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Food technology: baking with beans

We all become chemists in the kitchen, says Ana Ruth Bonilla, a professor in the Food Technology Department at the University of Costa Rica. This is especially true when we “add a little of this and little of that” to see what we come up with.

Food is a tremendously popular topic, judging from the number of food columns, magazines, TV shows and websites dedicated to it, and food technology has become an important field as people become more concerned with health and natural foods. 

At the UCR’s National Food Science and Technology Center (CITA), one of the tasks is to find new ways of using locally grown products to enrich the lives of those who produce them, and to provide new food sources, Bonilla explains. 

Founded in 1974 under an agreement with the Agriculture and Livestock Ministry to make Tico products competitive in the marketplace and to prepare technicians for the food field, CITA is housed in a labyrinth of classrooms, laboratories and offices behind the agronomy department. Here, graduate students in food technology have come up with flour and snacks from pejibaye or peach palm fruit, new uses for lactic products and tropical fruit juice, and gourmet vinegars from bananas and plantain. They are also looking into ways of using the fibrous leaves from an expanding pineapple industry to make twine, and of using the outer skins of coffee beans to make a natural food colorant. 

A chemist by profession, Bonilla coordinates graduate school projects at CITA. After graduating from the University of Costa Rica, she did graduate work in the U.S. state of Rhode Island and lived for a time in Massachusetts, home of the baked bean. She always liked the idea of combining chemistry and food, she says. Combining frijoles or beans, omnipresent in Costa Rica, and research came naturally. If beans can be baked, why not make bakery from beans?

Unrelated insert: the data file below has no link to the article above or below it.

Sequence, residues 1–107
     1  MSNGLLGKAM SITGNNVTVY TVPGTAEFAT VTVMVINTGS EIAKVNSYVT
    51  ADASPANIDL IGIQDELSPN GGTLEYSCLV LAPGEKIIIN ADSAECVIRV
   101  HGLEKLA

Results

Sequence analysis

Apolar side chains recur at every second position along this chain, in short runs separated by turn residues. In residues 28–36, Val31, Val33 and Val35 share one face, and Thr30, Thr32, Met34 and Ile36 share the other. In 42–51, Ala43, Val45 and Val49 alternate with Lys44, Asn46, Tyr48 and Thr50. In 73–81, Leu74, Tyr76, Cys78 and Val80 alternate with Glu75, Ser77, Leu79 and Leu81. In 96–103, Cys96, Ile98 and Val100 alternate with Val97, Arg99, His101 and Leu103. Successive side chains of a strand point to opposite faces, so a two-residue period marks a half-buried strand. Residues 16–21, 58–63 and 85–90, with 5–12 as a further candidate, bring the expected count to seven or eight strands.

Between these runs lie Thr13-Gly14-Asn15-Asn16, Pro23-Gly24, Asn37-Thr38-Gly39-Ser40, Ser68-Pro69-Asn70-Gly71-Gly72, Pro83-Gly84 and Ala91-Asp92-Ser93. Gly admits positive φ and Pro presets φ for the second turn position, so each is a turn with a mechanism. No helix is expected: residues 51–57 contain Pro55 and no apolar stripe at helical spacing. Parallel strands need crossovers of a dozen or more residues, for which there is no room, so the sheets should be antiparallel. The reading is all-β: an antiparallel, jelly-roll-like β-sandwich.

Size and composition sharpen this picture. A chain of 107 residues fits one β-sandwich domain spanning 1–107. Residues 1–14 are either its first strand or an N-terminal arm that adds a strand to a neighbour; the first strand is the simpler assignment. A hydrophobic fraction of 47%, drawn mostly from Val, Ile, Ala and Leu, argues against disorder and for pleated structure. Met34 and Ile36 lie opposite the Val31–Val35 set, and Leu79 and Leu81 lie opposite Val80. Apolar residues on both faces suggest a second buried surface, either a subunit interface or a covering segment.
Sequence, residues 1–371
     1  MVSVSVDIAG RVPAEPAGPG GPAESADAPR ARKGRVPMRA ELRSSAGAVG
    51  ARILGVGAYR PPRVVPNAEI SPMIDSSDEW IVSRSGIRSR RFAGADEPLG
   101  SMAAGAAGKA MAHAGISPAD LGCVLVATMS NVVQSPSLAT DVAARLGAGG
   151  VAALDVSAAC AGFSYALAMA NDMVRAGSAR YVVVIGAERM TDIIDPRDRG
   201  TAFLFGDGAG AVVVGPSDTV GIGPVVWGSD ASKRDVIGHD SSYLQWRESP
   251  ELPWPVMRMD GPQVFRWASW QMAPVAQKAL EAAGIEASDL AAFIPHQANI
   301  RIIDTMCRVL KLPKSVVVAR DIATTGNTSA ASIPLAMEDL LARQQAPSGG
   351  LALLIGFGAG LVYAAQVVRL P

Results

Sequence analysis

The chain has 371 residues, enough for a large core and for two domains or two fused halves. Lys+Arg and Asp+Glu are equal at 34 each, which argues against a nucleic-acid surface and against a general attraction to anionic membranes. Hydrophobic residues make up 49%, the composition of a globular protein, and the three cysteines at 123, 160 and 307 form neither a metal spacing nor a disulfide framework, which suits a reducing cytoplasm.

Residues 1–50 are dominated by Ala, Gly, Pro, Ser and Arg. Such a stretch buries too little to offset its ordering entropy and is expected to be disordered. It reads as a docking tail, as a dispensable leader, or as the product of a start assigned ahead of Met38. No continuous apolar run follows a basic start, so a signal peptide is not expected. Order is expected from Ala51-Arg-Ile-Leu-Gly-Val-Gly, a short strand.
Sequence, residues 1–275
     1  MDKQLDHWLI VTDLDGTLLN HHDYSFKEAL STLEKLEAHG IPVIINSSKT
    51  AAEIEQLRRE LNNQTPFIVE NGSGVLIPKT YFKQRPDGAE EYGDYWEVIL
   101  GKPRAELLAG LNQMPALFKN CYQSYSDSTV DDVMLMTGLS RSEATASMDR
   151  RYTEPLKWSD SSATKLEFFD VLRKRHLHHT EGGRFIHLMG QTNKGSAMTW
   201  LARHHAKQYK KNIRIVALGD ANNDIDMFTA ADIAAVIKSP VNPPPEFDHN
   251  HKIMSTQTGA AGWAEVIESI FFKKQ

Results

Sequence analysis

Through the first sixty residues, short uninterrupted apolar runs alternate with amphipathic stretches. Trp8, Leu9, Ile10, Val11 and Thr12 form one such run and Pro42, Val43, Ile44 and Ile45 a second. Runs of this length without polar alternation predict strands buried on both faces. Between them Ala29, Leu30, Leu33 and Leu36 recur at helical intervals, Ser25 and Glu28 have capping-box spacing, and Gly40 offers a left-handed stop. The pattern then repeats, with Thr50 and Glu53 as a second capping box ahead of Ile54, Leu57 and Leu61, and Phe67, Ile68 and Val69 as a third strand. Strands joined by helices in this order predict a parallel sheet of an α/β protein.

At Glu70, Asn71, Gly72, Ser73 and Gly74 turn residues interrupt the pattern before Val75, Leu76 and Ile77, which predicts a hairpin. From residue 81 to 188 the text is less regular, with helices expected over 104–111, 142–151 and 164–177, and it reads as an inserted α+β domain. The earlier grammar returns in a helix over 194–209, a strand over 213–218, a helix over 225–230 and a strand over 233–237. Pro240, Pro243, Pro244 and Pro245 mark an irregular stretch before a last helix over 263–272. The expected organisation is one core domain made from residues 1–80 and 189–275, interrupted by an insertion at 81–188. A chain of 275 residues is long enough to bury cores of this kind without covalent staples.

Bean bakery not only uses a homegrown product, it also adds a healthy source of protein, vitamins, fiber and iron to the diet. 

“It’s a functional food in that it prevents illness, cardiac problems, obesity and cancer. Eating gallo pinto (Costa Rica’s typical rice-and-beans breakfast dish), for example, will satisfy hunger and keep you from eating and snacking more,” Bonilla says.

Her bean bakery project works with the Rural Women’s Network, a group of women who have started their own microenterprises around the country. Several groups are making bean cookies, starting with growing their own raw material, then processing it to add to cookie batter, making the cookies, and packaging and distributing them. Called “Pinticas,” the cookies are sold in corner stores in the Northern Zone and a few other areas. It’s still too early to see if the product will expand to the Central Valley. They come 14 to a package, look like chocolate and taste like ginger snaps. 

While the cookie recipe is a secret, Bonilla shared her formula for bean buns, another delicious way of getting protein and iron. Although the recipe calls for fresh beans to be soaked overnight, then cooked and ground, our cook cheated by opening up a can. Bonilla points out, however, that canned beans have condiments that could affect the flavor. 

This recipe makes 24 muffins: 

1/4 cup cooking oil

2 1/2 cups flour

2 3/4 cups prepared beans (or 1 can of black beans molido)

1 cup milk

2 cups sugar

6 1/2 teaspoons baking powder

2 eggs

2 teaspoons vanilla

Mix the batter in a blender or beat well. Spoon into greased muffin tins or cupcake papers and bake in a moderate oven for 18 minutes. 

Because the recipe made so many muffins, they were shared with neighbors; all agreed they were delicious and tasted more like chocolate than beans.


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